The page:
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New year, new prospects for battered US economy

03:25pm February 23 2021

A person wearing an American flag walks down the middle of a street during Joe Biden’s inauguration in Washington, D.C. last month. (Getty)

The month of January 2021 was an historical one for the US, marking an abrupt change in the prospects of the world’s biggest economy. 

Politically, the curtain fell on the Trump administration’s historic four years in the White House and President Biden’s tenure began, complete with the balance of power in Congress after the Democrats claimed the final two Senate races in the Georgia runoffs. 

Meanwhile, COVID-19 daily new cases dropped from around 250,000 in early January to less than 100,000. 

Despite ongoing debate surrounding whether President Biden will succeed in passing his $US1.9 trillion stimulus bill in full, we expect that by the end of the March quarter the Democrats will get the bill through with limited changes. Through the middle of the year as the vaccine drive ramps up the remaining economic burden associated with COVID-19 should dissipate. Indeed, based on the current pace of the vaccine rollout, around three quarter of the population 16 and older could be fully vaccinated by early September, if not earlier – clearly good news.

For the economy, the net effect is expected to be annual GDP growth of almost 5 per cent in 2021, nearly three times our estimate of the US’s long-term potential output (1.75 per cent).

Such an outcome will be sorely needed. 

While the published unemployment rate has fallen from 14.8 per cent to 6.3 per cent since April 2020, this does not take into consideration those that have stopped looking for work. As US FOMC chair Powell recently outlined, the real unemployment rate is more likely near 10 per cent, in line with the GFC peak.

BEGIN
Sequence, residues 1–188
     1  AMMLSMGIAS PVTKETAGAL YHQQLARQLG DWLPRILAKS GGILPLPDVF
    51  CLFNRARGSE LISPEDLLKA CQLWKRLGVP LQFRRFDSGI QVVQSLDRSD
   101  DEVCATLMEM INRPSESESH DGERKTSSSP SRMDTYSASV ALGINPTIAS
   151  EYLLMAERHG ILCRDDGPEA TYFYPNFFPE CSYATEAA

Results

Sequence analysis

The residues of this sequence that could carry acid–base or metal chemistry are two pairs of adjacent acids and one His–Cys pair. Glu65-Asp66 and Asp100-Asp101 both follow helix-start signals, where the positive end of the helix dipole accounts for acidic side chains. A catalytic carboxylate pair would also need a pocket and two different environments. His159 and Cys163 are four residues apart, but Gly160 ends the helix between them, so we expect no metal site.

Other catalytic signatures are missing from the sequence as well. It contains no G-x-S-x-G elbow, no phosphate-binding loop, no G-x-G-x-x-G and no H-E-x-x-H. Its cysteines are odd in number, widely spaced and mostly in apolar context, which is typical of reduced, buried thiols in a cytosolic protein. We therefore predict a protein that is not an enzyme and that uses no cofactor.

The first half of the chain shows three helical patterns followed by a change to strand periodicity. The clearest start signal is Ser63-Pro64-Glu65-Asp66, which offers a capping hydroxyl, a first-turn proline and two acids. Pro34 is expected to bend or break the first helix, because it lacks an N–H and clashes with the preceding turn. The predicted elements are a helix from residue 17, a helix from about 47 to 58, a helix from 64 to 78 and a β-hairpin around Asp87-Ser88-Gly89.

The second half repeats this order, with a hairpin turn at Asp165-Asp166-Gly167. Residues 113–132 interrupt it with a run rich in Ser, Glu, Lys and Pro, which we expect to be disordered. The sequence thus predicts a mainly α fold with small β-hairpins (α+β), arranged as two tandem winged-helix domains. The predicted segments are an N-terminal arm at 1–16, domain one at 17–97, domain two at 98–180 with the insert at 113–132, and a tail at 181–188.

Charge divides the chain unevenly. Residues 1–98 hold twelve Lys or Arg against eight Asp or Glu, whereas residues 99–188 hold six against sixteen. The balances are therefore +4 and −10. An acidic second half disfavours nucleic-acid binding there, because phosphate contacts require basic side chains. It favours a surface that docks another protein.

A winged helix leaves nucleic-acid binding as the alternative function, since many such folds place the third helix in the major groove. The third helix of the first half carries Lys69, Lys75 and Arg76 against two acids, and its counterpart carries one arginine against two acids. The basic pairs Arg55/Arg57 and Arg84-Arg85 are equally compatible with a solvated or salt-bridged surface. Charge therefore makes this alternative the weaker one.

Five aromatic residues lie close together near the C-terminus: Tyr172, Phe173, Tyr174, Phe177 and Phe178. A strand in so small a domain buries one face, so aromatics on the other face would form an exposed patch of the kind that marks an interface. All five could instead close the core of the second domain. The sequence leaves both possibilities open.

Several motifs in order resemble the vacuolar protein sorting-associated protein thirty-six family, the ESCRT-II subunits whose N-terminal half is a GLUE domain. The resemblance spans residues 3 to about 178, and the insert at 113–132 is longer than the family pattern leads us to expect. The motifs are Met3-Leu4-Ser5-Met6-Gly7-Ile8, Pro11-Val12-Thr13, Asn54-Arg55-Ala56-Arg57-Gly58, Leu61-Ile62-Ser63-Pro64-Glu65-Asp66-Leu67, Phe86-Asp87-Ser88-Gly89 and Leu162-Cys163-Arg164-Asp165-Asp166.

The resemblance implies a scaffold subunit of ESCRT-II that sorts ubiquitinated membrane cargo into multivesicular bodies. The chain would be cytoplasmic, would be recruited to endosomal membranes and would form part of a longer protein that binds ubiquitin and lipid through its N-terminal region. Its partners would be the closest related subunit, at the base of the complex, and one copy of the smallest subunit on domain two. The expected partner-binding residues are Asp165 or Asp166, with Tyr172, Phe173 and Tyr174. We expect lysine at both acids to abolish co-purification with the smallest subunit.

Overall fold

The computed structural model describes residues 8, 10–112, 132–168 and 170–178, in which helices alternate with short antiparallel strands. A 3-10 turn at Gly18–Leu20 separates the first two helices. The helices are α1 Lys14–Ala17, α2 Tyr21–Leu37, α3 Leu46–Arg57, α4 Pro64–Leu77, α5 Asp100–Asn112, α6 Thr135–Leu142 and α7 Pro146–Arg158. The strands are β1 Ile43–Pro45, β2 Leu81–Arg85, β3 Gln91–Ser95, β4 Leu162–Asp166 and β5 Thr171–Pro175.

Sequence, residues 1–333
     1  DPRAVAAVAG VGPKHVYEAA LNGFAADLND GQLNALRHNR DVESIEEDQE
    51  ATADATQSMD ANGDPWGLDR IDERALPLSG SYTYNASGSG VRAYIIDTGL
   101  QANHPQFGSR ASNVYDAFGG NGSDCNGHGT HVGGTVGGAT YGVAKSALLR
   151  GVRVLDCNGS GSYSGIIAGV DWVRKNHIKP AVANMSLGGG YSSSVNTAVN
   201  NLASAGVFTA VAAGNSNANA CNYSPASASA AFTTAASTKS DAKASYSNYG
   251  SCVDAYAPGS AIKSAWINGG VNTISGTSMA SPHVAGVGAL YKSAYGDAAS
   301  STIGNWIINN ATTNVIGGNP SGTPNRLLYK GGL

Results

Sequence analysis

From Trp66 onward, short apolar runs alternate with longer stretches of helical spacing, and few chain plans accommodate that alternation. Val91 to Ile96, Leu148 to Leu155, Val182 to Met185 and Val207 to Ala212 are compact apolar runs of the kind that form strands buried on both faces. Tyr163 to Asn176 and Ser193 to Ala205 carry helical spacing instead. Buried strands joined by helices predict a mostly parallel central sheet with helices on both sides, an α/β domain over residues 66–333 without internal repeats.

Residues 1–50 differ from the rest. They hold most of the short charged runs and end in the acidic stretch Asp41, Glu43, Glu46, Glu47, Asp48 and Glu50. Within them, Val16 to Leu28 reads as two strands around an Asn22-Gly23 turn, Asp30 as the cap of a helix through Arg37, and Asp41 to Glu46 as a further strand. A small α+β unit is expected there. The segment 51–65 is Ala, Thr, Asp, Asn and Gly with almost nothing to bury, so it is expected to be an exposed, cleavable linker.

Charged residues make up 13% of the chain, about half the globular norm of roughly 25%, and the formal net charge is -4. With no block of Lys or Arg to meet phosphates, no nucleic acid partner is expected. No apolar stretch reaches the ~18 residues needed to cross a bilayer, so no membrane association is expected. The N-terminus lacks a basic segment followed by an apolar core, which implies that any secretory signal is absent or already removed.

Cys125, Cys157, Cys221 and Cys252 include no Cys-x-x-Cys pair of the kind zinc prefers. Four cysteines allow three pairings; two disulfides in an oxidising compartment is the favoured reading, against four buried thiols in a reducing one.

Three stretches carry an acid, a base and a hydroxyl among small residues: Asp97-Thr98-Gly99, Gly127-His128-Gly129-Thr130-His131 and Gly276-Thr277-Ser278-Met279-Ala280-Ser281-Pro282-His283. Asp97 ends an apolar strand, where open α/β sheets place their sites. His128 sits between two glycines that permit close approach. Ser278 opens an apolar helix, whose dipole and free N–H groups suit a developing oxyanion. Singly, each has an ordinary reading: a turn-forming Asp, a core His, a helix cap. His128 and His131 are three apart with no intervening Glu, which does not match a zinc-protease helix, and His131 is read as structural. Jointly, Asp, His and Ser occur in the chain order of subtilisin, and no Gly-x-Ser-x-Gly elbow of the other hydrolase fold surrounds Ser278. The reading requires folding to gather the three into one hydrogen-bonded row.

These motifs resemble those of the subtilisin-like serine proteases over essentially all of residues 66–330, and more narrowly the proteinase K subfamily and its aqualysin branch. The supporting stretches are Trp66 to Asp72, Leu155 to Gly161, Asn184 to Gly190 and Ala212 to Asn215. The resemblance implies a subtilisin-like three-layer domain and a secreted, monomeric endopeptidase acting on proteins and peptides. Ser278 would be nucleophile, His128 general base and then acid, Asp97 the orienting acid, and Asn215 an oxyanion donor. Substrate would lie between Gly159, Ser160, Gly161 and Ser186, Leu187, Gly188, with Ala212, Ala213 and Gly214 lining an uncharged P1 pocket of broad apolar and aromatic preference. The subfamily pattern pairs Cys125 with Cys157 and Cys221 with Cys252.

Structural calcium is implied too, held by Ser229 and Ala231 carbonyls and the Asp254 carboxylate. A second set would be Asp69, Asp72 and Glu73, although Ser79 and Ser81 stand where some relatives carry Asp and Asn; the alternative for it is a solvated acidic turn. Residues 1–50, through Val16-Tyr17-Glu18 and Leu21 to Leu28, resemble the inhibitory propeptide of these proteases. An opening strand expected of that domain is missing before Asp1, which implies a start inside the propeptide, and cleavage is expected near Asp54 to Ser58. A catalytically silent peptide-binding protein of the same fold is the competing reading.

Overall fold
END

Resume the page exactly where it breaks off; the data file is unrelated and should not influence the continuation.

This deficiency in the labour market is certainly not due to a lack of action by US policy makers, highlighting the degree of impact the virus can have on economies when it runs wild. 

If passed in its original form, President Biden’s proposed $US1.9 trillion package would bring cumulative stimulus in 2020 and 2021 to more than $US5 trillion (23 per cent of GDP). In addition, the Federal Reserve has expanded its balance sheet through quantitative easing from 19 per cent of GDP to 35 per cent in 2020. We expect it to hit almost 50 per cent by the end of 2022. 

But whereas 2020’s stimulus was required to protect households and small business while the economy could not function amid the worst of COVID-19, 2021’s aid should be understood as a critical catalyst to getting the mix of economic activity back to “normal”. 

For household demand, this means encouraging consumption of services. 

While lockdowns and restrictions led to a surge in spending on consumer goods such as cars, TVs, and computers, services spending collapsed in 2020 to be almost 7 per cent below its December 2019 level. 

As such, it’s hoped giving eligible Americans another $1400 in cash as part of President Biden’s latest stimulus plan – along with increased and extended unemployment benefits – will this time around also stoke spending on eating out, leisure activities and other services, without an offsetting pull-back in goods spending.